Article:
bit_user

Splendid
Herald
Wrong question. Silicon crystalline spacing is ~0.5nm. This means 1.4nm is approximately 3 atoms wide. +/- 1 atom at least for over/under exposure. Does one have enough control of the process to do this? No longer dealing with bulk property equations, must treat atoms as point charges rather than uniform parallel plates.
All good questions, but I think we don't know exactly what they're defining as 1.4 nm.
 

TJ Hooker

Glorious
Herald
unlikely, 10nm was meant to compete with ARM, and when initially conceived was meant to be a low power low clock node with a nice IPC improvement, intel didn't expect AMD Ryzen to actually challenge them so they planned to launch on 10nm with roughly the same performance as skylake, just lower clocks. Ryzen blew up intel's plans for 10nm. It's not that the yields are poor on the node (they're not good mind you) it's that they're unable to clock the chips up much beyond 3ghz without dumping power into the chips, and due to the 3d design, the heat gets impossible to deal with long term. basically it's a node good for making mobile parts not HEDT chips.
Do you have a source for this? Has Intel ever set out to develop a node exclusively for mobile/low power before? As far as I'm aware they've used every one of there previous nodes across more or less their full product stack.
 
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bit_user

Splendid
Herald
A company still needs a vision to strive for followed by goals to work for... then comes the reality of what actually gets achieved.
Vision is useless without the means and competence to execute.

Roadmaps like this are nothing new, and I wouldn't even necessarily call them visionary. It's just a plan, and plans don't mean anything if you can't implement them.
 

bit_user

Splendid
Herald
Do you have a source for this? Has Intel ever set out to develop a mobile-/low power-only node before? As far as I'm aware they've used every one of there previous nodes across more or less their full product stack.
I've read someone saying that Intel has 3 variants of 10 nm, based on density, power, and clockspeed. I'm not sure if which or how many were originally planned vs. being a "+" node.
 

InvalidError

Titan
Moderator
AFAIK, the desktop parts still aren't on any roadmap.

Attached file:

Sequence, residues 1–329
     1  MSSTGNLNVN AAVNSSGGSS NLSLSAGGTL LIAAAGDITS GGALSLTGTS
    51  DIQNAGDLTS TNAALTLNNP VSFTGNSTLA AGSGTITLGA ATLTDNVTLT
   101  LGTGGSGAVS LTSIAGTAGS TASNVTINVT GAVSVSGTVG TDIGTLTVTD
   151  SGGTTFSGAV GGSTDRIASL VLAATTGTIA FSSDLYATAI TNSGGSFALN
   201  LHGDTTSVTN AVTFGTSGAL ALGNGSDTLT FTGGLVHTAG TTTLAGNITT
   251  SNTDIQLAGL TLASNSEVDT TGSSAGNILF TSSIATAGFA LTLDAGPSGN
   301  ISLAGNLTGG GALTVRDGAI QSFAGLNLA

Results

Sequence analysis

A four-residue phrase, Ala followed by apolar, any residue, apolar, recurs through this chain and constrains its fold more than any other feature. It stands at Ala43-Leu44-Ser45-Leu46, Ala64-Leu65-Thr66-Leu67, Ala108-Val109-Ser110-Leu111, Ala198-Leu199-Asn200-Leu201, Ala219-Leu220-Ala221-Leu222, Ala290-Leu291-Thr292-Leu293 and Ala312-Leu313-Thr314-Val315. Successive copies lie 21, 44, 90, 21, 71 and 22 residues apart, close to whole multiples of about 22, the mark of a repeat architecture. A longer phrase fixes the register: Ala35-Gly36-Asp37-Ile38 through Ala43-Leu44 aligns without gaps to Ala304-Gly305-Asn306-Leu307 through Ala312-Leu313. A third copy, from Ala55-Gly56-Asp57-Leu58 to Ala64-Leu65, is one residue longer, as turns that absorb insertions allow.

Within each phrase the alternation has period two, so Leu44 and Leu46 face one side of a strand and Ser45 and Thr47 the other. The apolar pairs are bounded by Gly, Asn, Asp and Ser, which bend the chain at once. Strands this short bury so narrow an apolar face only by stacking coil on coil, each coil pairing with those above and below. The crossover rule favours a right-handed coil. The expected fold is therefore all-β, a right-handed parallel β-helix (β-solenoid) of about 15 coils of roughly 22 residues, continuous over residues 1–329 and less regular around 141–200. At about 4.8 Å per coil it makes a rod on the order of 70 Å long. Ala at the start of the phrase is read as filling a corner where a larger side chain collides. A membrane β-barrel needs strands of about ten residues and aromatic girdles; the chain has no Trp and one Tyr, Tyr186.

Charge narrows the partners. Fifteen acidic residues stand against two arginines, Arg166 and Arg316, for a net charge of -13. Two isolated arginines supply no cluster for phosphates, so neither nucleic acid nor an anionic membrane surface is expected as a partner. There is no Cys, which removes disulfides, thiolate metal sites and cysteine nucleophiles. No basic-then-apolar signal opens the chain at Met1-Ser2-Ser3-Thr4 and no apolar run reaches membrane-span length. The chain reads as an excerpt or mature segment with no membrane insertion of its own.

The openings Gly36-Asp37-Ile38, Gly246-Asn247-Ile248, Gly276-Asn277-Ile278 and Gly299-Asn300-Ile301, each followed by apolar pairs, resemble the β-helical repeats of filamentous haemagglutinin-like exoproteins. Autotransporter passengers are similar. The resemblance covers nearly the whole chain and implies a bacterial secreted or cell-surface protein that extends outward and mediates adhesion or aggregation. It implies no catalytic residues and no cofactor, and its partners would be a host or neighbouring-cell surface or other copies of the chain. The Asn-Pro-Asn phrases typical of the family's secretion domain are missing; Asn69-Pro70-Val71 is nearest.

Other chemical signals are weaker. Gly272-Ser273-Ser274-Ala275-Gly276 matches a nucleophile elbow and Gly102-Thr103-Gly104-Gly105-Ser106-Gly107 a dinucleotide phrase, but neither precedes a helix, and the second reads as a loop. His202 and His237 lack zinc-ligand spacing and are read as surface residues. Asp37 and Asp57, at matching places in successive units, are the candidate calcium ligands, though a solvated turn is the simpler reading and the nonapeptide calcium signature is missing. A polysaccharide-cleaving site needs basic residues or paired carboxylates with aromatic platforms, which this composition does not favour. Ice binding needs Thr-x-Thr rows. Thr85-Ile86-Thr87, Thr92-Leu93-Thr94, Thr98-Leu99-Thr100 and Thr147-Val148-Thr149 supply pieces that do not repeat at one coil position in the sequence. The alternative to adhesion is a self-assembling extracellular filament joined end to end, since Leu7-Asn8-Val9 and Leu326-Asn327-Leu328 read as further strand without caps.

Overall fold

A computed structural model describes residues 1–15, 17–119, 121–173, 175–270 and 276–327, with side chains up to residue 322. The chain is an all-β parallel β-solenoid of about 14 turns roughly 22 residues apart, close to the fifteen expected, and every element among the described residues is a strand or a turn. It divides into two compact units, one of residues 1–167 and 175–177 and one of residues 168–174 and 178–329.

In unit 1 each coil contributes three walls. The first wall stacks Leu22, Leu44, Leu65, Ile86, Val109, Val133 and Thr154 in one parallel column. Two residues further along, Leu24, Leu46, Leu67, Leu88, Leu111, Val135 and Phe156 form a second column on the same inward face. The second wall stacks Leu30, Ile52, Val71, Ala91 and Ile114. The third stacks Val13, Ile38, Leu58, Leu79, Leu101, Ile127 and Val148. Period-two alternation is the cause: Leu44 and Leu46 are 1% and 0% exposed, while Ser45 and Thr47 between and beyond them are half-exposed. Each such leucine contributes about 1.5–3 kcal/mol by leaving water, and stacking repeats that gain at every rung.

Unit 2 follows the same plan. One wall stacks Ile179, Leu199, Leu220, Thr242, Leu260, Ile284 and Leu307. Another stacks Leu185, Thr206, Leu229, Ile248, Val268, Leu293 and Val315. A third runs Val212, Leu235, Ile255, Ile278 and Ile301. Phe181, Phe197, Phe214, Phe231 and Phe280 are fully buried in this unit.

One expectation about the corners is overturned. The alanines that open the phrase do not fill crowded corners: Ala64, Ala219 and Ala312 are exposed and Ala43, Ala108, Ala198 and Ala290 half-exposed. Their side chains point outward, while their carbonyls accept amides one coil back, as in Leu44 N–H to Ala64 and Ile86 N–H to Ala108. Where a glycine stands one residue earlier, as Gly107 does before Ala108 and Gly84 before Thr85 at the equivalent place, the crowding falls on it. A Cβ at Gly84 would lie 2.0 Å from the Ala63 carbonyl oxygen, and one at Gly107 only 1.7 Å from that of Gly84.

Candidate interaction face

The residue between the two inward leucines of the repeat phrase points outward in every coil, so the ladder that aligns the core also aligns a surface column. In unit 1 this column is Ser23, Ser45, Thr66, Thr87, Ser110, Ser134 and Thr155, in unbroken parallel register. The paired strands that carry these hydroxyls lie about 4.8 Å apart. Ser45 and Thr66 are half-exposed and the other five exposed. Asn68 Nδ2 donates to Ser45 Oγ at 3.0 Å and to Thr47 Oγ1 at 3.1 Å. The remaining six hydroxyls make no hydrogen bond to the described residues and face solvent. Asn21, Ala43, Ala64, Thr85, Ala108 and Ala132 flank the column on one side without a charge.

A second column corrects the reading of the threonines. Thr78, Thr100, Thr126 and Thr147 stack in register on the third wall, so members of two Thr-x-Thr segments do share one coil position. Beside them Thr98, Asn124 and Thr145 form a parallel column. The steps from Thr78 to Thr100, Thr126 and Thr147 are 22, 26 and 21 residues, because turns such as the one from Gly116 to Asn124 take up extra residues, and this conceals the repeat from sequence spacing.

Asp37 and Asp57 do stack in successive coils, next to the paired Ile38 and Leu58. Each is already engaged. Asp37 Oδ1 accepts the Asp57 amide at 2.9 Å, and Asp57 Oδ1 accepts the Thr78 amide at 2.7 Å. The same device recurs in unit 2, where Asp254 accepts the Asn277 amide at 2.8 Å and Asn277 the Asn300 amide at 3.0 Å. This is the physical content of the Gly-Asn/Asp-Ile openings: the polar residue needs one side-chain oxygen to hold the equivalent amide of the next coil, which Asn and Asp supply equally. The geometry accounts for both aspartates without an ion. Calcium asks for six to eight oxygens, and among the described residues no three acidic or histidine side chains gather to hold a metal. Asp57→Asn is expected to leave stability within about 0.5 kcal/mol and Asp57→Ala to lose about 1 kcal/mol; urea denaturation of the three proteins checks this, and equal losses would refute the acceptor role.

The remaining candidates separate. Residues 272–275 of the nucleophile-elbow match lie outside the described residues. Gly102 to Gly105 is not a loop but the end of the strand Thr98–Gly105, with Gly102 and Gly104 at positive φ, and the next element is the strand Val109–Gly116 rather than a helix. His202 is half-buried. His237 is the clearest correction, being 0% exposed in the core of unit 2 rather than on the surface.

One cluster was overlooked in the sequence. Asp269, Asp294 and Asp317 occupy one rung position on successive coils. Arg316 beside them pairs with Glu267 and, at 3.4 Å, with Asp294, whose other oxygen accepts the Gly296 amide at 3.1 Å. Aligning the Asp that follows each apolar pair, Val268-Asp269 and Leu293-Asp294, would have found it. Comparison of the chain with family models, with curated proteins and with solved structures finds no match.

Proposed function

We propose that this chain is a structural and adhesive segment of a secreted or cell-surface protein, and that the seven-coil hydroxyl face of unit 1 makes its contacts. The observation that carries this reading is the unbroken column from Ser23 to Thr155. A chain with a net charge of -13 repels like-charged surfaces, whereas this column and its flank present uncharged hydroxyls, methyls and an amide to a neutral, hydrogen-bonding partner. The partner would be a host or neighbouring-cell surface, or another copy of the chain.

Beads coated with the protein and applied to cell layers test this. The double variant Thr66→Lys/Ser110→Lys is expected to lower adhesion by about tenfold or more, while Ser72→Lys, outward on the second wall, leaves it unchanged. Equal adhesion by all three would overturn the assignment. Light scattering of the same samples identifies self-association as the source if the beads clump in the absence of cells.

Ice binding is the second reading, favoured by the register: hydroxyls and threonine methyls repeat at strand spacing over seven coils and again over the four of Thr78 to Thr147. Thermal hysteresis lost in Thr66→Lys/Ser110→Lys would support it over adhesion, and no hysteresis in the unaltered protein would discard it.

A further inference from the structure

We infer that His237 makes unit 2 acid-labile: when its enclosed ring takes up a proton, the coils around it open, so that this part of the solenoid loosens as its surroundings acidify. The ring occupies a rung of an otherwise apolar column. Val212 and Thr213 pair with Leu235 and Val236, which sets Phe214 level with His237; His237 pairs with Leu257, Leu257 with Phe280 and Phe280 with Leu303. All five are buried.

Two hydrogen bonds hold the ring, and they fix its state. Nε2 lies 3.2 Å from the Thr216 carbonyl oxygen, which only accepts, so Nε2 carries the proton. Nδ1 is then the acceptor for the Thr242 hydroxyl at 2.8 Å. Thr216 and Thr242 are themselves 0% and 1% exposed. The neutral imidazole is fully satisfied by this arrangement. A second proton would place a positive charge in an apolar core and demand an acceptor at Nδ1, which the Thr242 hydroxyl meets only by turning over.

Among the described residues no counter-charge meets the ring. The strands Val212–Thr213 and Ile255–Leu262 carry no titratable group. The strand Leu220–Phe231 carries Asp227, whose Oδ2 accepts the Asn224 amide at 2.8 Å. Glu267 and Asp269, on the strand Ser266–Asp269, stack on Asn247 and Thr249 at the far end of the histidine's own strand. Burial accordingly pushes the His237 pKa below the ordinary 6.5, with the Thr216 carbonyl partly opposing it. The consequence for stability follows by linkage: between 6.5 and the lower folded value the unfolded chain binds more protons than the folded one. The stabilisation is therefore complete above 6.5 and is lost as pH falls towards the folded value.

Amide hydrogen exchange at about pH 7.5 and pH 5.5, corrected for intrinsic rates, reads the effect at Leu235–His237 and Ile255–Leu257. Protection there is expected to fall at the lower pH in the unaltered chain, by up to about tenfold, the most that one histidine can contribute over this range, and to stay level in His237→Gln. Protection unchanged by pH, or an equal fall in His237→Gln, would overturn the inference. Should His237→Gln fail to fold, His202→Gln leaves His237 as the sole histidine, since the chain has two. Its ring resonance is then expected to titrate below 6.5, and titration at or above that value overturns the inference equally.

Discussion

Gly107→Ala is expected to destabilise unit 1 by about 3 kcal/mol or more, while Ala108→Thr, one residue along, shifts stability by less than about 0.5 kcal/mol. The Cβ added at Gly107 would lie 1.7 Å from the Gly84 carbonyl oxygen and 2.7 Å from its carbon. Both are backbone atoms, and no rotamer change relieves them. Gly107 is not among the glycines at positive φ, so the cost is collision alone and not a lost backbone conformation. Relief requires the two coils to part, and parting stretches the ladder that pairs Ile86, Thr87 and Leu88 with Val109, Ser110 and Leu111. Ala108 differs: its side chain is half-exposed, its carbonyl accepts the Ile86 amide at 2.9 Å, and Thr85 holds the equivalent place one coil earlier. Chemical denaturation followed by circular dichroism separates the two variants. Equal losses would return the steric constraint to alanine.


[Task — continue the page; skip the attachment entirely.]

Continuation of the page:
They aren't on any roadmap I have seen either, but when confronted about the lack of any real new products for the desktop until 2022, Intel has said Ice Lake will be coming to desktop. Maybe the truth lies somewhere in-between with the new rumors of Sunny Cove getting back-ported to 14nm... kinda Ice Lake but without the 10nm part :)
 

Darkbreeze

Titan
Moderator
Wrong question. Silicon crystalline spacing is ~0.5nm. This means 1.4nm is approximately 3 atoms wide. +/- 1 atom at least for over/under exposure. Does one have enough control of the process to do this? No longer dealing with bulk property equations, must treat atoms as point charges rather than uniform parallel plates. Much more complicated to properly define a transistor (computationally intensive). Even if you can build a transistor at this size, can you economically characterize the process and take this to high volume manufacturing?? You really need to be changing something other than drawn size to get more density!
Not the wrong question, because there is little point in worrying about whether or not somebody who cannot even, give five years time to do so, get a viable 10nm product without overarching probems doing so, so even worrying about them at 1.4nm, especially in a few years, seems beyond pointless. Maybe they'll have breakthroughs somewhere along the way, but it's just as likely that they'll continue to encounter difficulty because if there is one thing we've learned from Intel through the years it's that they like to stay in a nice comfortable rut when they believe they can do so, and they do, or did. Now that they realize they might not have the leisurely timeframe to work out their problems like they believed they would since there was no realistic competition for so long, maybe they'll be forced to switch gears but I'm not sure that will actually happen either. Guess we'll see.
 
May 31, 2019
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Intel has been recently stating that their 10nm yields are now ahead of their projections. They are shipping Ice Lake, Lakefield, NNP-I and Agilex 10nm products.

They mentioned one issue that makes more sense as the reason for the 14nm backlog. They were expecting to provide 50% of the iphone modems, and were instead awarded 100% contract. Add to that, Apple recently increased that order by 10% to 88 million. That's a lot of 14nm LTE modems.